Christianity rises or falls on one historical event: the resurrection of Jesus Christ. If Jesus rose from the dead, then everything he claimed is true—he is the Son of God, the Savior, the Messiah. If he did not rise from the dead, then all the things he said and taught are worthless. Paul says that if Jesus is not risen from the dead, the Christian faith is empty and meaningless (1 Cor 15:17–19). Christians believe that Jesus did indeed rise from the dead. One cannot claim to be a Christian unless he believes this central doctrine (cf. 1 Cor 15:1–4).
Remember the central aim of the apologetic task: to defend or make highly probable the truth-claims of Christianity. The central truth-claim of Christianity is the resurrection of Christ. Our desire is to show non-believers that it’s reasonable to believe that Jesus did rise from the dead. So how do we go about our task?
We must first admit that almost everything we know about this event is based on what the Bible says about it. There is very little extra-biblical information about Jesus’s death and resurrection. So what we know is based on the accounts from the Bible. If one does not accept what the Bible says about Jesus’s resurrection, then there is no hope of making any headway.
Support for Jesus’s Resurrection
We’ve already seen (in Lesson 4) that there is good reason to believe that the NT documents are trustworthy. History, archaeology, and manuscript evidence support the authenticity of the NT accounts. So, given that what we find in the NT is true, we can suggest the following in support of Jesus’s resurrection.
The death of Jesus was actual, literal and genuine
Jesus did not just pass out, faint or temporarily lose consciousness. The crucifixion extinguished Jesus’s physical life.
Roman soldiers crucified Jesus and finished the execution. To quicken death, they broke the legs of the two criminals crucified on each side of Jesus. But when they came to Jesus they did not break his legs, because from experience they knew he was already dead. As a final precaution, however, they thrust a spear into his side, thus insuring his death. Further, those who handled Jesus’s body after removing it from the cross were convinced that he was really dead.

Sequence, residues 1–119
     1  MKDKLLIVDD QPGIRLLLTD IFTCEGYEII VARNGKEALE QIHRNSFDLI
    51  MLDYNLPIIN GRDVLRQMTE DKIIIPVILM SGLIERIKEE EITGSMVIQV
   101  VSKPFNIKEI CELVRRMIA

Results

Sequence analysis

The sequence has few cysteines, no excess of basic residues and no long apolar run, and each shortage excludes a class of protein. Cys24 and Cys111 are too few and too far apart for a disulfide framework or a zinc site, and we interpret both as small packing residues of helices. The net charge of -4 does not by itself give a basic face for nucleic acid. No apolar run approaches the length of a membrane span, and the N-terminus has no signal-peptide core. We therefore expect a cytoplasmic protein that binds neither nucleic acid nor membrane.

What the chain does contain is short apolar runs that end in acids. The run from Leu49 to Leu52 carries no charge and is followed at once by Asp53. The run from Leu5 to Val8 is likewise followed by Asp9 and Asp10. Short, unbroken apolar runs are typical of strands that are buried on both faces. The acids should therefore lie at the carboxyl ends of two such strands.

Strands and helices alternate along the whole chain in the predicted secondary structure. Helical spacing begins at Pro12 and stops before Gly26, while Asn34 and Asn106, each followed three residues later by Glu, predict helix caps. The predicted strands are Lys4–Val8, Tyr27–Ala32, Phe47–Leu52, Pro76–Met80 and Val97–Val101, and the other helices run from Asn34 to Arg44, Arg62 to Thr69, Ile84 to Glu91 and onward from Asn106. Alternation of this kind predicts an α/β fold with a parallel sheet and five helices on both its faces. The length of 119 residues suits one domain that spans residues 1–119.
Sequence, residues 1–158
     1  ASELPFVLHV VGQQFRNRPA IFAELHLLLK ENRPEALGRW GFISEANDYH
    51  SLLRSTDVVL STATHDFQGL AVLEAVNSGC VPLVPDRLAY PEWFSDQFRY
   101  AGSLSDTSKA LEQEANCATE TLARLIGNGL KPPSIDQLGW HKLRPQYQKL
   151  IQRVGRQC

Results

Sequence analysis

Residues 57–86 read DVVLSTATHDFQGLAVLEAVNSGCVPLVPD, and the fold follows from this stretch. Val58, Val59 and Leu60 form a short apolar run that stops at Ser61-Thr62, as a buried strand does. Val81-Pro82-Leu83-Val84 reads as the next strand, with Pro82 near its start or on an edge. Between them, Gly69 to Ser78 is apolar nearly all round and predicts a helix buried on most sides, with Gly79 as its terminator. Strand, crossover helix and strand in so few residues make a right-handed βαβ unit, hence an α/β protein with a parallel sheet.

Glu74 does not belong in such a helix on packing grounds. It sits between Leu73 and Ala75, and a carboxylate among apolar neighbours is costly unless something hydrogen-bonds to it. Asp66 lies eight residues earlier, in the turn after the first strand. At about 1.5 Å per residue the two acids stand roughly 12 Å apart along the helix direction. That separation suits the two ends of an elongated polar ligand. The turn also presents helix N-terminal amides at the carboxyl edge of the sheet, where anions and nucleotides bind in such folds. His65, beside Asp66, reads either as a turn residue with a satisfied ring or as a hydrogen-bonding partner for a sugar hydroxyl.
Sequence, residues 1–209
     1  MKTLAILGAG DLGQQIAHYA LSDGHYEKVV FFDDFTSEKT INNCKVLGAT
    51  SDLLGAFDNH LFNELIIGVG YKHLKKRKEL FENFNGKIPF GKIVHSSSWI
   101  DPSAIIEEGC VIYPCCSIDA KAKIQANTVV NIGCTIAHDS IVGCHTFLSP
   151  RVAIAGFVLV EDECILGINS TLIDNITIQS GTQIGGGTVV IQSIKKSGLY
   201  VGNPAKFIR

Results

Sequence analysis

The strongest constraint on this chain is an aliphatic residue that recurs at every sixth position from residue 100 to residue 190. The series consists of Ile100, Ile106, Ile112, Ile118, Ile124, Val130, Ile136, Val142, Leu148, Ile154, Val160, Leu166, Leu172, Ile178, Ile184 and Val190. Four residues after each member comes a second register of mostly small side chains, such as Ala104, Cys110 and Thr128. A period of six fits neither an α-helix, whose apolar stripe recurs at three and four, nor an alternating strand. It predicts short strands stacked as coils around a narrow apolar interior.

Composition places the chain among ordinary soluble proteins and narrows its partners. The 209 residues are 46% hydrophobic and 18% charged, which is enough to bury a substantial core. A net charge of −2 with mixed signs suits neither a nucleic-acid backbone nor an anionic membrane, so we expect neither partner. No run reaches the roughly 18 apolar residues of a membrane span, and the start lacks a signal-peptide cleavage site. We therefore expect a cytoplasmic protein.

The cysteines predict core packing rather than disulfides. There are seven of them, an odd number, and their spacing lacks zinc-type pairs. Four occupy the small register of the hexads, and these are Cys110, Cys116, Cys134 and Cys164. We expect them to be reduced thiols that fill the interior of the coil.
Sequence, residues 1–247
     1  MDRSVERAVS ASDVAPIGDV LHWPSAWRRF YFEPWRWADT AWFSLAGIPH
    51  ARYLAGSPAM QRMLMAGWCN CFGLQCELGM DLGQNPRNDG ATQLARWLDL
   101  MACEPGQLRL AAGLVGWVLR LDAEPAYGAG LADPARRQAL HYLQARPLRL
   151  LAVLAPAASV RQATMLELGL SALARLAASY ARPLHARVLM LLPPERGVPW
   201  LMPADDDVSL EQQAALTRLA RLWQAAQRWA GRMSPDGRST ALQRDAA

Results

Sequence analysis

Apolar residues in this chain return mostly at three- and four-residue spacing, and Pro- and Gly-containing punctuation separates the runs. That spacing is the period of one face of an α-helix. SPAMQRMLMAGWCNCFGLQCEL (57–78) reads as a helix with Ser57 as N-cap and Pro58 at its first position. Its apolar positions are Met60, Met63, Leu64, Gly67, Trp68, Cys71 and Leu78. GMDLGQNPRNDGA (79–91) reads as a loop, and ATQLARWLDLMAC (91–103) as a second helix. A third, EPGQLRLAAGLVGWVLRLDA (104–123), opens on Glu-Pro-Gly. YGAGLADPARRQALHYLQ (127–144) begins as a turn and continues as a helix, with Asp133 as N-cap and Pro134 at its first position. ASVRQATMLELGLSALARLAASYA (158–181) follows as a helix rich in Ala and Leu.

The gravesite was secure.
The Jewish leaders met with Pilate to urge him to secure the gravesite. They said Jesus had predicted he would rise in 3 days. To assure that the disciples could not conspire in a resurrection hoax, Pilate ordered the official seal of Rome to be attached to the tomb to prevent any grave robbers from tampering with the tomb. To enforce the order, soldiers stood guard. A huge stone was rolled in front of the tomb as added security.
The tomb was found empty.
On the morning after the Sabbath, some of Jesus’s followers went to the grave to anoint his body. But when they arrived, they were surprised at what they found: the huge stone had been moved and Jesus’s body was gone. As word got out, two disciples rushed to the burial site. The tomb was empty except for Jesus’s burial wrappings, which were lying neatly in place. In the meantime, some of the guards had gone into Jerusalem to tell the Jewish officials that they had fainted in the presence of a supernatural being that rolled the stone away. And when they woke up, the tomb was empty. The officials paid the guards a large sum of money to lie and say that the disciples stole the body while the soldiers slept.
Many people claimed to have seen the resurrected Christ.
Paul wrote that himself, Peter and the other apostles, James, and more than 500 people at one time had seen the resurrected Christ (1 Cor 15:5–8). By making such a public statement, he gave critics a chance to check out his claims for themselves. In addition, Luke begins his second book (Acts) by saying that Jesus “presented himself alive after his suffering by many infallible proofs, being seen by [the apostles] during forty days and speaking of the things pertaining to the kingdom of God” (Acts 1:3). Eyewitness testimony is very strong.
The apostles changed dramatically after the resurrection.